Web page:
‘It was not like I expected, I thought he would sleep more, go into a coma … it made me angry. He fell and hit his head... the neighbours said you’d better get an ambulance... I knew they (ambulance crew) weren’t going to get him back. My biggest regret was that I was running around getting all the things for the hospital when he was dying on the floor’.
Another caregiver identified that the unexpected nature of death made it more difficult for her to reorganize her social world post-care giving. Her spouse, who required full care including ventilation support, had attended respite for 1 week on a 6-week rotation. Despite being interviewed 2 months after this death, in her mind caregiving persisted.
‘He died so unexpectedly with no warning … I feel like he is on respite and will be coming home soon’.
On the other hand, half the caregivers were prepared for the person’s death and the ‘reality that the battle was over’. These caregivers constructed the dying process in a more positive manner, interacting with their partner and accepting their need to pass away. After being hospitalized for an infection at the percutaneous endoscopic gastrostomy (PEG) site that did not respond to treatment, this person’s family recognized he was in the process of dying. His partner recalls:
‘We sat with him day and night, he was groaning and restless. We gave him permission to die: close your eyes and fly away and be at peace’.
Dignity in the dying body
Dignity in dying has been associated with autonomy, self-worth and control over the body.44 Muscle wasting, loss of mobility, eating difficulties and communication challenges had already isolated many patients and their caregivers from their social networks.45 As MND progressed, the indignity of ‘having an accident’ (faecal incontinence) or feeding or saliva issues had a detrimental effect on the person.
‘I got the point when [name] couldn’t eat, he tried to swallow and he would sick it up, he couldn’t talk ... I’d cuddle him a lot and stroke him...so many times he said he didn’t want to live’.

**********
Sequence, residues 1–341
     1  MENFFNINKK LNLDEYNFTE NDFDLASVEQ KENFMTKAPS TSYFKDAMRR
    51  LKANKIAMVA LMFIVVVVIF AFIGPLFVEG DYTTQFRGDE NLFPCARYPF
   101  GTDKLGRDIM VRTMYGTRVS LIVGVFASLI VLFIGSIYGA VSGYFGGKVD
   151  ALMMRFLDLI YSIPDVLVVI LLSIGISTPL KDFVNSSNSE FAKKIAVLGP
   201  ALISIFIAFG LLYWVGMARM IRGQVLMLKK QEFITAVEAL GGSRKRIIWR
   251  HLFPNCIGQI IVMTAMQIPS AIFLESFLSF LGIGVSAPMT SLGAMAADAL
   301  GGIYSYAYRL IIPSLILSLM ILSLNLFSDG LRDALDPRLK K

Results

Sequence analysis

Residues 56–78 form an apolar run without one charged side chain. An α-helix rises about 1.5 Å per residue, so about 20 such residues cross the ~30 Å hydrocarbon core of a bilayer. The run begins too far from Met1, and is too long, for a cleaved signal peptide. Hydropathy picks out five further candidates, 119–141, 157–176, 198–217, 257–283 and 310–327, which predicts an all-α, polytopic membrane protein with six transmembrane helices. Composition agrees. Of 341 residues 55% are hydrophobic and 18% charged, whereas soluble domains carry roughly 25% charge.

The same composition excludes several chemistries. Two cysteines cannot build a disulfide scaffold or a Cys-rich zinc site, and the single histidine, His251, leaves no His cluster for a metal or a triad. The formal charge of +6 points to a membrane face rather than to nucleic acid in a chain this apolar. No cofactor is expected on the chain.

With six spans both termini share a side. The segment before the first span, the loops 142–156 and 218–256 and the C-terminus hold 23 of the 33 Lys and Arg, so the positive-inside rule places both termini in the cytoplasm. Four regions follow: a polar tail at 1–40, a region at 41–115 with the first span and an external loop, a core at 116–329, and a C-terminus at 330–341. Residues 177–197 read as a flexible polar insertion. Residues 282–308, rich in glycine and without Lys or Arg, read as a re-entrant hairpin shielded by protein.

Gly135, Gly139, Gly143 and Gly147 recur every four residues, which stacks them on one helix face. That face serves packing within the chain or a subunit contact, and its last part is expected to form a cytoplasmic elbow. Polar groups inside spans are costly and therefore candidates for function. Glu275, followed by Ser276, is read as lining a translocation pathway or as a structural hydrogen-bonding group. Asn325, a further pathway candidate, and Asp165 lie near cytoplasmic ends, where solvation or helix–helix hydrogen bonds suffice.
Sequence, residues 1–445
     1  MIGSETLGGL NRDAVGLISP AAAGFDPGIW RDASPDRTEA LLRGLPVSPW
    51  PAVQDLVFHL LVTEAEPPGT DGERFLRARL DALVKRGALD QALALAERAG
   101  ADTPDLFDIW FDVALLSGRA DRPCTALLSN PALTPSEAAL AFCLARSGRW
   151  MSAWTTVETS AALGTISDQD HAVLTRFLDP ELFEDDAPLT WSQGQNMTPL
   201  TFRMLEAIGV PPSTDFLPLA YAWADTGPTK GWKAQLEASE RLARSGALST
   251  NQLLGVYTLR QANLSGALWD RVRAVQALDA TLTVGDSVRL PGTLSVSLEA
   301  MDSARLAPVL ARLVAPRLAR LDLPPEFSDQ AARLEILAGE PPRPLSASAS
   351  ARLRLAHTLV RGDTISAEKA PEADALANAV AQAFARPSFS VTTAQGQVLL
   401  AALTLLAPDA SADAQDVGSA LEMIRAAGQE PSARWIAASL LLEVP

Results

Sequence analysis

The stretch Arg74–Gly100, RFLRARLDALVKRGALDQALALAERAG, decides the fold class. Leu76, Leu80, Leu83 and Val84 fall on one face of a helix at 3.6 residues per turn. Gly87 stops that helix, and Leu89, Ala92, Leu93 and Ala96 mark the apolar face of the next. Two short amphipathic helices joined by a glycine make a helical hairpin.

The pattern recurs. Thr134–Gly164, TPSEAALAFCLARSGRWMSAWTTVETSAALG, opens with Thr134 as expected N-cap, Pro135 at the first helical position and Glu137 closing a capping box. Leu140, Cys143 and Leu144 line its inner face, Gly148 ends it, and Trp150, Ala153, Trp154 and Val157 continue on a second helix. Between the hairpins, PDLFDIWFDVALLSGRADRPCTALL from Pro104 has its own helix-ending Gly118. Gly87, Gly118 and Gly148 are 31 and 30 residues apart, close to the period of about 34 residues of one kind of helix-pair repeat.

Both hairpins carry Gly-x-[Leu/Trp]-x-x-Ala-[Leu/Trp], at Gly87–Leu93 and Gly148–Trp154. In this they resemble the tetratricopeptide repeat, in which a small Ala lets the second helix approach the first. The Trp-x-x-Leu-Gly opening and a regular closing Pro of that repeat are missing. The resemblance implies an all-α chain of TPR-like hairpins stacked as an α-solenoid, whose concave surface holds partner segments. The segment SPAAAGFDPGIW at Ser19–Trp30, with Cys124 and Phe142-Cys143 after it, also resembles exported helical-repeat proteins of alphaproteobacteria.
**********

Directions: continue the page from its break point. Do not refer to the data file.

‘After prune juice, he scoured for all the next day oh and he had an accident and that demoralized him. On Saturday prior to his death he had around the PEG a great spill of food came out. When I went to put the food in the tube, bright bile came out straightaway, gushed out and I said I don’t like the look of that’.
Dignity found in their own home away from the reactions of others was important in the later stages of neurodegeneration.
‘It was much better to have him here amongst his own things and his own people. When he was having trouble breathing, it was agonising to watch ... some friends don’t cope very well with illness, they don’t know how to relate’.
Positive end to MND
Caregivers were able to construct death as the final part of the MND disease process. Despite having a variety of experiences of the dying process, caregivers reflected that while their loss of their partner was extremely significant; ‘there is a huge space there that [person] occupied’ (A4); they did not want them to continue to suffer with MND or go on facing the continual losses.
‘I wouldn’t have liked her to get any worse … the body was not worth having, I wouldn’t have wished that [MND] on anyone’.
Hospital staff played a part in creating a positive end-of-life experience for family caregivers.
‘They put [name] in a little ward on the side and gave us privacy. I could hold him in my arms, he had morphine drip in his leg and he just went like that’.
In two cases where the person died at home, caregivers described feelings of calmness and peace, taking their time to say goodbye.
‘We were prepared for him to go as he wanted. He died peacefully in the chair … we took it in turns to sit with the body, we knew it was a shell and that he wasn’t there’.
Although in one case, finding the person dead was a surprise, the trajectory to date and the caregiver’s knowledge of MND enabled her to construct death as a positive event.
‘I just went into [name] room and there he was ... the expression on his face indicated to me that he was peaceful, he stayed at home with us for 24 hours’.
The studies suggest the increasing trend towards end-of-life care at home emerging in recent years can be both challenging and rewarding for family caregivers of people with MND. Key findings indicated the reality of their experience of the dying process and death event was dependent on knowledge of the progression of MND, preparation and planning for death, knowledge of the dying process, ability to preserve dignity in the face of unpredictable neurodegeneration and expectations in relation to the death event. ‘How people die remains in the memory of those that live on’,46 p.185 and impacts on their ability to readjust in bereavement.47 If the caregiver’s experience of their relative’s dying with MND was unplanned, unexpected or characterized by conflict about decision making, then negative constructs were perpetuated into the bereavement phase. Yet, when caregivers reflected on the dying experience and said ‘we got it right’, they lived on with the positive affirmations of caregiving that stretched through the ravages of MND to a positive death experience.